ARICHAT: Richmond council is maintaining its opposition to sponsoring participants wanting to attend an upcoming Female Leadership School.
During Richmond Municipal Council’s committee-of-the-whole meeting tonight in Arichat, district 5 councillor Jason MacLean requested that the issue of giving $250 each to two women return to the council table for further discussion.
MacLean wanted to know how this item was rejected from the meeting agenda without an adequate explanation.
“It’s my understanding that we have two ways, as a councillor, to put items on the agenda,” MacLean told council. “You fill out the form the week prior to, or we bring it to council with unanimous consent. So in your time as warden, how many items have been denied?”
Richmond Warden Brian Marchand said he explained his reasons in an e-mail reply to MacLean, but didn’t receive an e-mail back.
“The leadership one has been somewhat dealt with here,” Marchand responded. “We’ve gone through a lot in the media so I think that’s done.
Since MacLean was unable to have the item added to the agenda a week before the meeting, the warden then requested he make the request of council.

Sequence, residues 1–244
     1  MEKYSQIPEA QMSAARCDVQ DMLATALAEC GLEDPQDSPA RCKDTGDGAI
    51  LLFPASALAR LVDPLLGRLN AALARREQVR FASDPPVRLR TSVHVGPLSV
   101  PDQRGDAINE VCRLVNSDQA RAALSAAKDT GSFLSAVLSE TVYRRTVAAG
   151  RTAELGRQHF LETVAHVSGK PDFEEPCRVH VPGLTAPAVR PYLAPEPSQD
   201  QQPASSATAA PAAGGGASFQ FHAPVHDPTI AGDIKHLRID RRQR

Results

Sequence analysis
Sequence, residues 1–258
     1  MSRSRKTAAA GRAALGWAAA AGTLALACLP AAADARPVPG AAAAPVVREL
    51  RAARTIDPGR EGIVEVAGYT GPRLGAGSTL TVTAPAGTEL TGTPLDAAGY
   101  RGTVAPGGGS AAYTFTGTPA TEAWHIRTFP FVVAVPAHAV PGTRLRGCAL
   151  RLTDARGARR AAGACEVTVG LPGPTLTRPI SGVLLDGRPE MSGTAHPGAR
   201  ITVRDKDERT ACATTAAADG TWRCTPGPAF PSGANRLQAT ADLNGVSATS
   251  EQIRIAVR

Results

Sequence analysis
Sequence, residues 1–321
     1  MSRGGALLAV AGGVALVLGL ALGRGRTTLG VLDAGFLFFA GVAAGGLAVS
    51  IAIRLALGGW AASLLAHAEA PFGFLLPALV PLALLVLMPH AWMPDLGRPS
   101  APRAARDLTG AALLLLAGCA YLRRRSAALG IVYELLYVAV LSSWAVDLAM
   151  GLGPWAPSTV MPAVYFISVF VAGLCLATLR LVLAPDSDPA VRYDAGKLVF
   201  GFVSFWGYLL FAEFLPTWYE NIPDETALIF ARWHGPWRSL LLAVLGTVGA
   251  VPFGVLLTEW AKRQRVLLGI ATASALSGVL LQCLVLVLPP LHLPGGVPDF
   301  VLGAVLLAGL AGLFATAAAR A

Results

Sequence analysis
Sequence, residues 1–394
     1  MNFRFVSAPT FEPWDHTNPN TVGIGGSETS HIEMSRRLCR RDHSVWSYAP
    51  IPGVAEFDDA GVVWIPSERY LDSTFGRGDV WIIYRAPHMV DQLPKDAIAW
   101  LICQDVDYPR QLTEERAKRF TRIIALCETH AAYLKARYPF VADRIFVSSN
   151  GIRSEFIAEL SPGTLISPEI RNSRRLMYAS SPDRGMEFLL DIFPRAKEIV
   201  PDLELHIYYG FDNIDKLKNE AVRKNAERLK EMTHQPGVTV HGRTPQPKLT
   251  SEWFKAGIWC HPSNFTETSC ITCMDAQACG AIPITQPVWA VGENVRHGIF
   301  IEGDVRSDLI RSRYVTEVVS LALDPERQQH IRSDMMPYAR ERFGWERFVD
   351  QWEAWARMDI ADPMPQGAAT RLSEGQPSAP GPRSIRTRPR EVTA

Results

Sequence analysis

District 4 councillor Gilbert Boucher expressed his opposition to the addition of that item to the agenda.
Despite the funding refusal, organizer and Port Hawkesbury Mayor Brenda Chisholm-Beaton told The Reporter the response has been overwhelming, noting there have been 15 positions sponsored privately from Richmond County businesses and individuals.
“We’re absolutely blown away at the support that we’ve received from local businesses, particularly in Richmond County that just see a tremendous value in investing in women and they certainly do support women as political assets in their community,” the mayor said.
During the regular monthly meeting in Arichat on February 24, Richmond Municipal Council rejected a request via correspondence from Chisholm-Beaton to approve $500 for two prospective participants.